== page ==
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While Socrates was speaking, Pythodorus thought that Parmenides

and Zeno were not altogether pleased at the successive steps of the

argument; but still they gave the closest attention and often looked

at one another, and smiled as if in admiration of him. When he had

finished, Parmenides expressed their feelings in the following words:-

Socrates, he said, I admire the bent of your mind towards

philosophy; tell me now, was this your own distinction between ideas

in themselves and the things which partake of them? and do you think

that there is an idea of likeness apart from the likeness which we

possess, and of the one and many, and of the other things which Zeno


I think that there are such ideas, said Socrates.

Parmenides proceeded: And would you also make absolute ideas of

the just and the beautiful and the good, and of all that class?

Yes, he said, I should.

And would you make an idea of man apart from us and from all other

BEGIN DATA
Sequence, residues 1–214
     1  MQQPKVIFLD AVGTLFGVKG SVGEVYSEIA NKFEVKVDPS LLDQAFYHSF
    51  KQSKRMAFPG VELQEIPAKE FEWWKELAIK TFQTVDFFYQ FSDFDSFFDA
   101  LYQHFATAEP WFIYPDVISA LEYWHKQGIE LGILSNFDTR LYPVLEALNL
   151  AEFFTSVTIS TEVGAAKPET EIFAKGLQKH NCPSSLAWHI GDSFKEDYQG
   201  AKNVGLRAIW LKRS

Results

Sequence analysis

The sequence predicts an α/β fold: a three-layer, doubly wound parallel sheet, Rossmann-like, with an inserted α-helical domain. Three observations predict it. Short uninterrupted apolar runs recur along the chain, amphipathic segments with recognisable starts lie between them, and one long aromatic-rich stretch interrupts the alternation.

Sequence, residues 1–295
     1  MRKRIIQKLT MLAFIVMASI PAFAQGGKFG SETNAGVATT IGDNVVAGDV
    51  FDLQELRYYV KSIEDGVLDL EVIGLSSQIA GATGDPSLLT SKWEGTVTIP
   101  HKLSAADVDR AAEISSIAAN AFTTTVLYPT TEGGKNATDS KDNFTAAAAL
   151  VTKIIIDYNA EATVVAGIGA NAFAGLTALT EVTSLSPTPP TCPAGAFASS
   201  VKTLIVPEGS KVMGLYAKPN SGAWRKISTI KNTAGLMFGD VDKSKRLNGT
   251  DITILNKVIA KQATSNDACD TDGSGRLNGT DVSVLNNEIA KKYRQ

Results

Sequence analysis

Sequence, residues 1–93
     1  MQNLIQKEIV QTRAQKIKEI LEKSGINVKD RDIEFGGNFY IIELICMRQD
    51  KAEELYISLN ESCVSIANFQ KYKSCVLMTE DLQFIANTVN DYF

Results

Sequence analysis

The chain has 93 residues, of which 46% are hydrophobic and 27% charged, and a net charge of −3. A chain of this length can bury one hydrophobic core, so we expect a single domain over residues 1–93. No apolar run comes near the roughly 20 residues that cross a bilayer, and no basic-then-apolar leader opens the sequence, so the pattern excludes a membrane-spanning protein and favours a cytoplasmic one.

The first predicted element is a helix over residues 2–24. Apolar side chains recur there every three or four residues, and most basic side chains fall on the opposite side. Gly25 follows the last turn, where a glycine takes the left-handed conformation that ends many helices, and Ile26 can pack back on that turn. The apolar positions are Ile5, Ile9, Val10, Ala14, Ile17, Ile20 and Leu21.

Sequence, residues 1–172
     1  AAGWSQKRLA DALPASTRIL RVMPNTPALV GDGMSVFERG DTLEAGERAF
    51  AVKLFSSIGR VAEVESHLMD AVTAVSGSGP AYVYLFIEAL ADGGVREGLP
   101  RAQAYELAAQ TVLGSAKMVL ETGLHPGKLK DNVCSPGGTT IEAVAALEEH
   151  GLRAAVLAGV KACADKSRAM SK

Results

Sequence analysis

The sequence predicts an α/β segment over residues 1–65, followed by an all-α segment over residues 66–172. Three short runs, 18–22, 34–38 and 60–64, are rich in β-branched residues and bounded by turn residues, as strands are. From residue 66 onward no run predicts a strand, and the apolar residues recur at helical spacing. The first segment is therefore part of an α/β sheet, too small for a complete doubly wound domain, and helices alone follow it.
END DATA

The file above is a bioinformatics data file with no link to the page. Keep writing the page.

human creatures, or of fire and water?

I am often undecided, Parmenides, as to whether I ought to include

them or not.

And would you feel equally undecided, Socrates, about things of

which the mention may provoke a smile?-I mean such things as hair,

mud, dirt, or anything else which is vile and paltry; would you

suppose that each of these has an idea distinct from the actual

objects with which we come into contact, or not?

Certainly not, said Socrates; visible things like these are such

as they appear to us, and I am afraid that there would be an absurdity

in assuming any idea of them, although I sometimes get disturbed,

and begin to think that there is nothing without an idea; but then

again, when I have taken up this position, I run away, because I am

afraid that I may fall into a bottomless pit of nonsense, and

perish; and so I return to the ideas of which I was just now speaking,

and occupy myself with them.

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